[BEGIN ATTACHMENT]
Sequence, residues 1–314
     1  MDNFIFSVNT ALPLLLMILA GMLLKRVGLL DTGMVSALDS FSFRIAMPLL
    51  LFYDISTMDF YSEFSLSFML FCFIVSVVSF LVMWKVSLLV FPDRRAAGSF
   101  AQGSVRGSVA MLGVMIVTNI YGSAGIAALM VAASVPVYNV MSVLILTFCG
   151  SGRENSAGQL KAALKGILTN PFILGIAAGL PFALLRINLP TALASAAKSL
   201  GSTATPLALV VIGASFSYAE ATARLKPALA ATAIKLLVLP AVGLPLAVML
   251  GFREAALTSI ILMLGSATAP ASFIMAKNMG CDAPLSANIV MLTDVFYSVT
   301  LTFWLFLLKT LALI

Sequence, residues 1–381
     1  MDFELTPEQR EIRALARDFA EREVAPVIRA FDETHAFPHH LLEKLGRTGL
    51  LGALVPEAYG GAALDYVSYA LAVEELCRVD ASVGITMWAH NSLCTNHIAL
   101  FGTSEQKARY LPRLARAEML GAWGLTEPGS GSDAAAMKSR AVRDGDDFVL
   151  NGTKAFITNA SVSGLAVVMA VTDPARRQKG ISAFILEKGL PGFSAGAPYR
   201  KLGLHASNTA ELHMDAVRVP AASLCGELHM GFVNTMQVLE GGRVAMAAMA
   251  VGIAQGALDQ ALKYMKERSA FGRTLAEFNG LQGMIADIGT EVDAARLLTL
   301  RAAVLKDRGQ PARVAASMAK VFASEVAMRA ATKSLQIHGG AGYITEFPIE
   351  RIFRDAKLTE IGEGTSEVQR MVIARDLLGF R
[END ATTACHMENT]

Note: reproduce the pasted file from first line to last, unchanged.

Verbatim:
Sequence, residues 1–314
     1  MDNFIFSVNT ALPLLLMILA GMLLKRVGLL DTGMVSALDS FSFRIAMPLL
    51  LFYDISTMDF YSEFSLSFML FCFIVSVVSF LVMWKVSLLV FPDRRAAGSF
   101  AQGSVRGSVA MLGVMIVTNI YGSAGIAALM VAASVPVYNV MSVLILTFCG
   151  SGRENSAGQL KAALKGILTN PFILGIAAGL PFALLRINLP TALASAAKSL
   201  GSTATPLALV VIGASFSYAE ATARLKPALA ATAIKLLVLP AVGLPLAVML
   251  GFREAALTSI ILMLGSATAP ASFIMAKNMG CDAPLSANIV MLTDVFYSVT
   301  LTFWLFLLKT LALI

Sequence, residues 1–381
     1  MDFELTPEQR EIRALARDFA EREVAPVIRA FDETHAFPHH LLEKLGRTGL
    51  LGALVPEAYG GAALDYVSYA LAVEELCRVD ASVGITMWAH NSLCTNHIAL
   101  FGTSEQKARY LPRLARAEML GAWGLTEPGS GSDAAAMKSR AVRDGDDFVL
   151  NGTKAFITNA SVSGLAVVMA VTDPARRQKG ISAFILEKGL PGFSAGAPYR
   201  KLGLHASNTA ELHMDAVRVP AASLCGELHM GFVNTMQVLE GGRVAMAAMA
   251  VGIAQGALDQ ALKYMKERSA FGRTLAEFNG LQGMIADIGT EVDAARLLTL
   301  RAAVLKDRGQ PARVAASMAK VFASEVAMRA ATKSLQIHGG AGYITEFPIE
   351  RIFRDAKLTE IGEGTSEVQR MVIARDLLGF R